Dolans' Dirty Dozen: The twelve most common taxpayer mistakes
Ken and Daria Dolan are widely known as America's First Family of Personal Finance.
Here's a little tax trivia for you...
How many pages long is the United States Tax Code? If you guessed 18,500, you win the prize. It's no wonder that so many of us make mistakes when filing our federal income tax forms.
A mistake or two on your tax return can bring you unnecessary stress, delay your refund and subject you to more pesky paperwork -- or worse yet, an appointment with an IRS agent to fix the problem.
But here's the good news... The most common taxpayer mistakes are, for the most part, very simple to avoid once you know to watch out for them. So let's look at the Dolans' Dirty Dozen. Here are 12 common taxpayer mistakes you can easily avoid:
- 2 + 2 = 5. Math mistakes are one of the leading reasons the IRS adjusts returns. We know this sounds basic, but PLEASE double-check all figures on your return and use a calculator!
- Incorrect address. If you choose to file a paper return, be sure to use the address label off the tax return the IRS sent you. (You can make any necessary corrections right on that label). If you do not have a peel-off label, fill in all requested information in your very best writing so it's clear as can be. An incorrect address can lead to a delay in processing your return, or worse, IRS correspondence and refunds being sent to the wrong address.
- Incorrect filing status. Check only one filing status on the tax return and check the appropriate exemption boxes. Claiming the wrong status could negate your ability to claim the child tax credit, the earned-income credit and dependent exemptions.
- Using the wrong tax table. If you use the IRS tax tables, be careful to use the correct column for your filing status.
- Omitting or using the wrong Social Security number. The IRS computers will automatically reject your credits and deductions if your Social Security number is wrong.
- Direct Deposit errors. If you are asking the IRS to deposit your refund directly into your account, you must be sure you provide the right information. If your account number or routing number is off, your money will float forever between financial institutions!
- Incomplete/missing documentation. A complete set of supporting documents is vital to the efficient processing of your return. If the IRS can't verify the information that you provide, it may decide to make its own adjustments--and we don't want that now, do we! Be sure to attach your W-2, Wage and Tax Statement and any other forms that show any tax withheld throughout the year to the front of your return. Attach all other necessary forms and schedules (1099s, etc.) and especially receipts that back up your deductions/credits to your return as well.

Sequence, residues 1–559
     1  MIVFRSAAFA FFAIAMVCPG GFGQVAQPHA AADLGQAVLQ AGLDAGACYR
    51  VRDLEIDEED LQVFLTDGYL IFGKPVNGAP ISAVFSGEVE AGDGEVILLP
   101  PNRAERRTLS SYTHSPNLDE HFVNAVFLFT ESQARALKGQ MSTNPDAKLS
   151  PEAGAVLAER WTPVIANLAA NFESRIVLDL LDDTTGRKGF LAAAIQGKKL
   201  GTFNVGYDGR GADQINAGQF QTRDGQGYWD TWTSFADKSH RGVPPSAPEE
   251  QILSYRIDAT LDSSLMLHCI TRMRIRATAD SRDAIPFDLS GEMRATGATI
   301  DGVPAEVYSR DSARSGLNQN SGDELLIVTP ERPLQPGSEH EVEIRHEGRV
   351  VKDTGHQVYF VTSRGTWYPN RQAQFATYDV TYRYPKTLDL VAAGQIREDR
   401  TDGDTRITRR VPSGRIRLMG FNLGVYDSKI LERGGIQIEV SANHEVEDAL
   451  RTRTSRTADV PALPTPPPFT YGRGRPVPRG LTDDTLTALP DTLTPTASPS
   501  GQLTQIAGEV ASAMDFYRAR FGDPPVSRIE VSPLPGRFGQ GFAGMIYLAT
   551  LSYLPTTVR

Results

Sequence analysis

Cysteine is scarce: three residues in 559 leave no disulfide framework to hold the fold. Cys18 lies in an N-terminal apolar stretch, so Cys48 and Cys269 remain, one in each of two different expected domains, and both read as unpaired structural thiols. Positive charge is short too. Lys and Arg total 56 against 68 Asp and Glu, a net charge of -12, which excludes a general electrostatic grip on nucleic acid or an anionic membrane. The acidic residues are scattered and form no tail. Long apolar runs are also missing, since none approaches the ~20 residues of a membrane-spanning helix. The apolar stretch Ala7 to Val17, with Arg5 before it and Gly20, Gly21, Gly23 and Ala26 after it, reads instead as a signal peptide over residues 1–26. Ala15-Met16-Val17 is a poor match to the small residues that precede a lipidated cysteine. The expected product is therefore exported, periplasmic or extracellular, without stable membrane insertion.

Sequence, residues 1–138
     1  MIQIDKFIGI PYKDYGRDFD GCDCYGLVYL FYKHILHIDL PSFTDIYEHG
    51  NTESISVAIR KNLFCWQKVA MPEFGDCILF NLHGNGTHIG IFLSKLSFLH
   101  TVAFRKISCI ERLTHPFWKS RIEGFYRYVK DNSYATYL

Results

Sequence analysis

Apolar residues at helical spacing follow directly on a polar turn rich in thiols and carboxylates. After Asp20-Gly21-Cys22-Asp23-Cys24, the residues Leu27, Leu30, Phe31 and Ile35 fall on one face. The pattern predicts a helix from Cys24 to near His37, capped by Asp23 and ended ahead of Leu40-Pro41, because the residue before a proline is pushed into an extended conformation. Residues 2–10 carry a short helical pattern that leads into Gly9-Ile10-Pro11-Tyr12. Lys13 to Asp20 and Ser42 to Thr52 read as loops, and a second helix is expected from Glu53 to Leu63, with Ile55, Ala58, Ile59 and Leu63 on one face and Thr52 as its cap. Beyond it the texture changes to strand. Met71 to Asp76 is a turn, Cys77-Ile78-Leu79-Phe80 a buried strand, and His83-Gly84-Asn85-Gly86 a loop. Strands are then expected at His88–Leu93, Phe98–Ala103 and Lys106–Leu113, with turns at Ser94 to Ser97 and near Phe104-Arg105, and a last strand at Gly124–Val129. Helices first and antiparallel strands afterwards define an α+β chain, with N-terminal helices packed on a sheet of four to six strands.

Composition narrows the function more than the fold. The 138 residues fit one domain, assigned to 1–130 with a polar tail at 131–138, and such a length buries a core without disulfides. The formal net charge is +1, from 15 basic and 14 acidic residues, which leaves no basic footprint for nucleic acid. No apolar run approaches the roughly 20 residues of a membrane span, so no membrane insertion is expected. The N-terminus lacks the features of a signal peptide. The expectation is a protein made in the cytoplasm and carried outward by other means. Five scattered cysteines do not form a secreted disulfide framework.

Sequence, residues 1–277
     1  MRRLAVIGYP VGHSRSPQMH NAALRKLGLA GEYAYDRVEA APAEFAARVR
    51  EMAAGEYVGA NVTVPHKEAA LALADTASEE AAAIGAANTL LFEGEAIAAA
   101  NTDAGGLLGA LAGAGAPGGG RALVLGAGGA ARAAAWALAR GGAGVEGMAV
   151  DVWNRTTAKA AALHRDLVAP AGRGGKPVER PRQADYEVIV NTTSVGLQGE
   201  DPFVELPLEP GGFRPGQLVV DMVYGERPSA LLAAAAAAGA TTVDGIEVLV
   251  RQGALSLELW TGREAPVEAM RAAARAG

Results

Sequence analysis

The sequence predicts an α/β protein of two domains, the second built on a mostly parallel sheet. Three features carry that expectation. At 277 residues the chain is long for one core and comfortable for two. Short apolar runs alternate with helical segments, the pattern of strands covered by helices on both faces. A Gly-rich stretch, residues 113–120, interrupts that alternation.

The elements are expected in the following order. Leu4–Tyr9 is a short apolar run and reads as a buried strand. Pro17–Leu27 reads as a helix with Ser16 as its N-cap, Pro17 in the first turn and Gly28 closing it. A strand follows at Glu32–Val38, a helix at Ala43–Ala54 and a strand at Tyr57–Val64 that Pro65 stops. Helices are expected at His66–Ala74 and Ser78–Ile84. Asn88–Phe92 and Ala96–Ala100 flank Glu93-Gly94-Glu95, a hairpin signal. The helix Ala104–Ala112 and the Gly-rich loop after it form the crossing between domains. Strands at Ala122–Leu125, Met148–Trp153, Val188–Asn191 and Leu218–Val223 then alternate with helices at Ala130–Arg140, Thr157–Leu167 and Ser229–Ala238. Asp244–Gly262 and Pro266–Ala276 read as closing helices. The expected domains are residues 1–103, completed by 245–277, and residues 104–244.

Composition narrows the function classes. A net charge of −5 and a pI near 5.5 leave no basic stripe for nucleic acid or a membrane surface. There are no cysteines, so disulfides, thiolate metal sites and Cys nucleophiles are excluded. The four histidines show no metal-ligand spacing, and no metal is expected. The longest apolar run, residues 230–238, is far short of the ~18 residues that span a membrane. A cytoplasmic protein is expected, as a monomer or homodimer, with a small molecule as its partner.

- Failure to include payment. If you do owe money...enclose a check or money order with your tax return and write your Social Security number, tax form number and tax year on the payment.
- Failure to take tax credits and "above the line" deductions. Each year the IRS collects millions of dollars in overpaid taxes thanks to taxpayers who don't claim all the deductions and credits available to you whether you itemize or not. Such credits and deductions include child and dependent care expenses, student loan expenses, moving expenses, alimony paid and tuition expenses.
- Sending the IRS your only copy of important tax documents. Be sure to make a copy of your return and all documentation for your records in case you have to go into battle with the IRS.
- Failure to report ALL income. Unreported income is a serious mistake that can lead to civil and criminal sanctions, even if it was an accident. DON'T CHANCE IT -- double check that you have reported any and all income.
- Failure to sign and date the return. The EASIEST part of filing... but one of the most common mistakes people make. As far as the IRS is concerned, if you don't sign the return, YOU HAVEN'T FILED. And we all know not filing means all kinds of problems and penalties! Don't forget--BOTH spouses must sign a joint return.
There you have it --12 common mistakes to avoid when filing your taxes this year. Keep this list handy. A five minute run through it once more as you finish up your return can save you a lot of headaches and possibly some big bucks!
Ken and Daria Dolan of Dolans.com have hosted their own national radio program for 22 years, anchored their own television shows on CNN, authored six books on money matters, served as money contributors on CBS This Morning and have now launched a comprehensive web site and free e-letter at Dolans.com.